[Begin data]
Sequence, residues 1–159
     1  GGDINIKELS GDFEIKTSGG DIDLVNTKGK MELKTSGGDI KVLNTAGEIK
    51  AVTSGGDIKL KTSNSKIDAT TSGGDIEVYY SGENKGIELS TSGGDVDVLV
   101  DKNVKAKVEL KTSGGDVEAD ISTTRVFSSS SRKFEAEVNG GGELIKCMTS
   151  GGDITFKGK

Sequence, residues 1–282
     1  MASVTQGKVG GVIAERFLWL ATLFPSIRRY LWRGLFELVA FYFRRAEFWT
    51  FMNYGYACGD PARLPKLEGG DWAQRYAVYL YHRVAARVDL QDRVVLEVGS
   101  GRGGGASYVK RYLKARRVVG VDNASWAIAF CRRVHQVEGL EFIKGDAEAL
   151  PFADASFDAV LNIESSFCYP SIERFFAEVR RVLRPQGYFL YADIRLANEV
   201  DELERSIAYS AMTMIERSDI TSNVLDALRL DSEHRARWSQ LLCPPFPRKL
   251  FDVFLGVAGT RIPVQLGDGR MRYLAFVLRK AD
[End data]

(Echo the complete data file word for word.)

Sequence, residues 1–159
     1  GGDINIKELS GDFEIKTSGG DIDLVNTKGK MELKTSGGDI KVLNTAGEIK
    51  AVTSGGDIKL KTSNSKIDAT TSGGDIEVYY SGENKGIELS TSGGDVDVLV
   101  DKNVKAKVEL KTSGGDVEAD ISTTRVFSSS SRKFEAEVNG GGELIKCMTS
   151  GGDITFKGK

Sequence, residues 1–282
     1  MASVTQGKVG GVIAERFLWL ATLFPSIRRY LWRGLFELVA FYFRRAEFWT
    51  FMNYGYACGD PARLPKLEGG DWAQRYAVYL YHRVAARVDL QDRVVLEVGS
   101  GRGGGASYVK RYLKARRVVG VDNASWAIAF CRRVHQVEGL EFIKGDAEAL
   151  PFADASFDAV LNIESSFCYP SIERFFAEVR RVLRPQGYFL YADIRLANEV
   201  DELERSIAYS AMTMIERSDI TSNVLDALRL DSEHRARWSQ LLCPPFPRKL
   251  FDVFLGVAGT RIPVQLGDGR MRYLAFVLRK AD